Category: Collaboration software Name of tool: Groove Networks 1.0 Company name: Groove Networks, Inc. Price: free...
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URL: www.groove.net Windows platforms supported: 95, 98, NT (SP 3 or better), 2000, Me Quick description: A terrific way for workgroups to collaborate, with built-in security
**** = Very cool, very useful
Pros: Peer to peer file sharing and discussions
Easy to setup and use
Works best on continuous Internet connections
Lacking address book imports
Not compatible with AOL Instant Messenger or other IM applications
Collaboration among remote workers usually means emailing or faxing documents back and forth. Apart from the pain of trying to send large attachments, there is another reason why this isn't a good idea: the lack of security inherent in most Internet-based email and faxes.
There is a solution to this problem from a new company called Groove Networks. And it is absolutely free of charge. The software, which presently only works on Windows, does for collaboration what Word did for documents. IT delivers a new set of services and defines a new era of computing.
Groove has lots of tools that come ready-to-use as part of its overall application. There is a document sharing tool, a discussion/chat tool, a tool to send instant messages (using its own system, not compatible with AOL IM or any other IM system), and others including games such as chess and tic-tac-toe. The idea here is that you make use of whatever tools you need to collaborate with others.
And the best part about Groove is that security is built in. Documents are sent over the wire encrypted. You need do nothing else to keep your private information private. No settings to remember (or mangle); no switches to setup. It just works. You can share your groove "spaces" (as they are called) with whomever you wish, and invite others to join you or uninvite them as your needs change.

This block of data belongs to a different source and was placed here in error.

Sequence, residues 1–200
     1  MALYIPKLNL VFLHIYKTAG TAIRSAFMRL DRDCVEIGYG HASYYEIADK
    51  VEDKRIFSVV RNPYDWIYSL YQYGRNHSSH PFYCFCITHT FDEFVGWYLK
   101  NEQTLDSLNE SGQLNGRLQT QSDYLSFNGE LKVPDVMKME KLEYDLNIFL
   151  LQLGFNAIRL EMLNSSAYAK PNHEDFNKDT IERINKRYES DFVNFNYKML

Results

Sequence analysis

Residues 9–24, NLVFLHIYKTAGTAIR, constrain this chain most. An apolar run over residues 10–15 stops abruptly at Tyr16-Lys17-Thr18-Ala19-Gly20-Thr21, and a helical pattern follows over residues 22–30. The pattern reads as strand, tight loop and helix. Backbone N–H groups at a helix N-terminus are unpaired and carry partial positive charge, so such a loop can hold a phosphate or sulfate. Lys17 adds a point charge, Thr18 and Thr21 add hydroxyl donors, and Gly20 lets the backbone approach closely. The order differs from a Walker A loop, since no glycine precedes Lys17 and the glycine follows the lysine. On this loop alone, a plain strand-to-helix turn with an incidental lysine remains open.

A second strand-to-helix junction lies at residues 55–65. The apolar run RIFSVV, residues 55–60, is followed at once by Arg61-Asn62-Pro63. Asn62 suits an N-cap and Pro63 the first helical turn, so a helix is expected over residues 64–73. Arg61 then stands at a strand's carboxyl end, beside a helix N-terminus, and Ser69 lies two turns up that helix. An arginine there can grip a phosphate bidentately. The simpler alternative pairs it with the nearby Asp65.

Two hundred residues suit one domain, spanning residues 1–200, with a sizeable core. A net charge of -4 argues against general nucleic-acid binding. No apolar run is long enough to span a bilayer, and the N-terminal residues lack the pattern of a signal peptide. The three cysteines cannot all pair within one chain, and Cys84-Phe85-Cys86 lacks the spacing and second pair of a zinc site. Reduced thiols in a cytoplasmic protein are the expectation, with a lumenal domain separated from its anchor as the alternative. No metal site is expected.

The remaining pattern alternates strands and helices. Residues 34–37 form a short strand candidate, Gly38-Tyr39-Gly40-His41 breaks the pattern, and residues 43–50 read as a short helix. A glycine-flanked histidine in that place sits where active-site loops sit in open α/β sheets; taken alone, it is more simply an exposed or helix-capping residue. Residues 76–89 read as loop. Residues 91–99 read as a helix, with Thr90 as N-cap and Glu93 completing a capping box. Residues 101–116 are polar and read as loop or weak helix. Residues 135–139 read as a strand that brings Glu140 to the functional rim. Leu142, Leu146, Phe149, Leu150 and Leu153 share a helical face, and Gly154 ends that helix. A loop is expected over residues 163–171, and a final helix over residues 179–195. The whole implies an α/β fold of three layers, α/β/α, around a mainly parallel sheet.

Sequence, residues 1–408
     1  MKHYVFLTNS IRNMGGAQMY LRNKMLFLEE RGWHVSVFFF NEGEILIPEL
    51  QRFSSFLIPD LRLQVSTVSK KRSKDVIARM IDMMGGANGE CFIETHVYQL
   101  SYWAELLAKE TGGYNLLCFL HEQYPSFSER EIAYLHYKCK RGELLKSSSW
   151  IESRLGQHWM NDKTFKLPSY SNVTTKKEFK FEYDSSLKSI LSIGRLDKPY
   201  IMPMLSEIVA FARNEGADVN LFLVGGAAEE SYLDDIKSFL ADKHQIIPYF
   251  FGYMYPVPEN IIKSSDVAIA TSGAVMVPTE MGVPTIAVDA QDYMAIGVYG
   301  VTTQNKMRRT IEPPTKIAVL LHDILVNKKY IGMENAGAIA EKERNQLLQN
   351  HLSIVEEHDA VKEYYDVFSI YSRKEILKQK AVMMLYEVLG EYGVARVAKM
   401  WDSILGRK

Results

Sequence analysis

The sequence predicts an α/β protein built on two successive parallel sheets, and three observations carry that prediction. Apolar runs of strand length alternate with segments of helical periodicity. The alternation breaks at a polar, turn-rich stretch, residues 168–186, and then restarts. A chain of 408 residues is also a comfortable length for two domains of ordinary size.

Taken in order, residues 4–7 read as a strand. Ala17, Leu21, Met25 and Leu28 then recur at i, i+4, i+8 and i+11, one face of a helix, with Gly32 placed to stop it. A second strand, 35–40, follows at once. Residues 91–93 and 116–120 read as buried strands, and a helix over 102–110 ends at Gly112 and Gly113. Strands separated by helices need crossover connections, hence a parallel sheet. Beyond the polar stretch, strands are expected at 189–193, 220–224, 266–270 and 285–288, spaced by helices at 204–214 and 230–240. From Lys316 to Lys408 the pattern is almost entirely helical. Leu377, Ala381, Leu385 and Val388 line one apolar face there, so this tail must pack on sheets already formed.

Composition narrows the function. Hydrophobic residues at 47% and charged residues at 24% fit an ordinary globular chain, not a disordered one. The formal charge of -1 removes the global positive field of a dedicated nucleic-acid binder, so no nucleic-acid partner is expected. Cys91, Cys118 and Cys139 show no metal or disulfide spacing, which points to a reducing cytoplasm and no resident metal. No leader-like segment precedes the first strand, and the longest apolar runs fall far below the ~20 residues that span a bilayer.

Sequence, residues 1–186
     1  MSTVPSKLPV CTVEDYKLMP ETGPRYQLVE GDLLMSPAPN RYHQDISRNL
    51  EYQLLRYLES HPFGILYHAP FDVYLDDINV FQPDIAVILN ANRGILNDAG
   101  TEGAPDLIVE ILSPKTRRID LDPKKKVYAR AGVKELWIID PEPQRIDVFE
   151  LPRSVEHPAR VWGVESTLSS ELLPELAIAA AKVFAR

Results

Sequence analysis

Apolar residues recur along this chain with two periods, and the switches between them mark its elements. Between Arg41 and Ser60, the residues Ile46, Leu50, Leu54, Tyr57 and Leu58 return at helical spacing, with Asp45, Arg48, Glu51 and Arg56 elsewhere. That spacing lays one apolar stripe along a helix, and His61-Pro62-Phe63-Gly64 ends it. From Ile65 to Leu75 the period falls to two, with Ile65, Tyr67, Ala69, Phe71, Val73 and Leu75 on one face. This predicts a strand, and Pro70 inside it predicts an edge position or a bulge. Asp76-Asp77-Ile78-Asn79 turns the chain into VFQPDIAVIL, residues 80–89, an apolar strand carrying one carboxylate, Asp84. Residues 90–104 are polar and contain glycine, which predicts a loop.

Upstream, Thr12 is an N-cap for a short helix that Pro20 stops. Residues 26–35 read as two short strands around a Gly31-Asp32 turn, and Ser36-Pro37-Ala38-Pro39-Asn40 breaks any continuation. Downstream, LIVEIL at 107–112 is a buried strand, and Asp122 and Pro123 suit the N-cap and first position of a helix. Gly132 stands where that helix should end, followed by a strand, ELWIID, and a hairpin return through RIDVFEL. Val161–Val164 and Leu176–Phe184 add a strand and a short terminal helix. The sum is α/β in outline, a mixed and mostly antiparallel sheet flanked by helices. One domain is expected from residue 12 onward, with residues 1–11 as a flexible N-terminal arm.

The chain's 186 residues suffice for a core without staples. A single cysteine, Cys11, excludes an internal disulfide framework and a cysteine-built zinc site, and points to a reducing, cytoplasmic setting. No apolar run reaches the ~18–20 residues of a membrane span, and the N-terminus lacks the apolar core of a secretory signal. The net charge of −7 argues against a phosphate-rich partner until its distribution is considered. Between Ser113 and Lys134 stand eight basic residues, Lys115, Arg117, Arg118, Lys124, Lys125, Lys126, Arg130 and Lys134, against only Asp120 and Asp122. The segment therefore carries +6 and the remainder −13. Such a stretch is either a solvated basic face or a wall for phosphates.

Think of this software as a combination of the best things from Notes and Napster. The Notes heritage is an obvious comparison, since Ray Ozzie is at the heart of both products. The Napster comparison is apt because Groove operates as a peer-to-peer service, meaning that there is no central Groove server for you to setup. However, the company does maintain a central Groove directory of users, in which you can opt to include as much or as little information as you'd like.
Groove can replace a mixed bag of Internet tools. For example, I used to use My Yahoo for keeping track of my personal calendar and contacts, MyDocsOnline.com as a shared storage space for my critical documents, and AOL Instant Messenger (IM) to communicate quickly with friends and colleagues. Groove combines all three of these services into a single, coherent system.
One of the best things I liked about Groove was the ability to share information on my home and work machines. If you have ever left a copy of a file that you labored on for hours on your home machine, you'll understand the value of this. If your home PC is connected to the Internet via a broadband connection, then you can leave your documents in the shared file area of Groove and pick them up when you get to your work PC. There is nothing to upload or download, it all just works without any action on your part.
Speaking of continuous Internet connections, this is one weakness of Groove. While the product does work over a dial-up connection, you'll probably want to make the best use of it over higher-speed lines like DSL, cable modems, or T-1s. There is a fair amount of information to be transferred, and the slower connections will make it more frustrating to use. You'll also want at least a 233 MHz Pentium with 64 MB of RAM -- and more RAM is better as Groove is particularly memory-hungry.
All is not perfect: aside from a lack of compatibility with AOL IM, you can't import an existing address book into the Groove address book, although this feature is planned for the future.
But overall, Groove represents a great first step forward, towards a useful collaboration tool for distributed workgroups. And its value will increase as more people make use of it within a corporation.
**** = Very cool, very useful
*** = Hey, not bad. One notch below very cool
** = A tad shaky to install and use but has some value.
* = Don't waste your time. Minimal real value.
Bio: David Strom is president of his own consulting firm in Port Washington, NY. He has tested hundreds of computer products over the past two decades working as a computer journalist, consultant, and corporate IT manager. Since 1995 he has written a weekly series of essays on web technologies and marketing called Web Informant. You can send him email at firstname.lastname@example.org.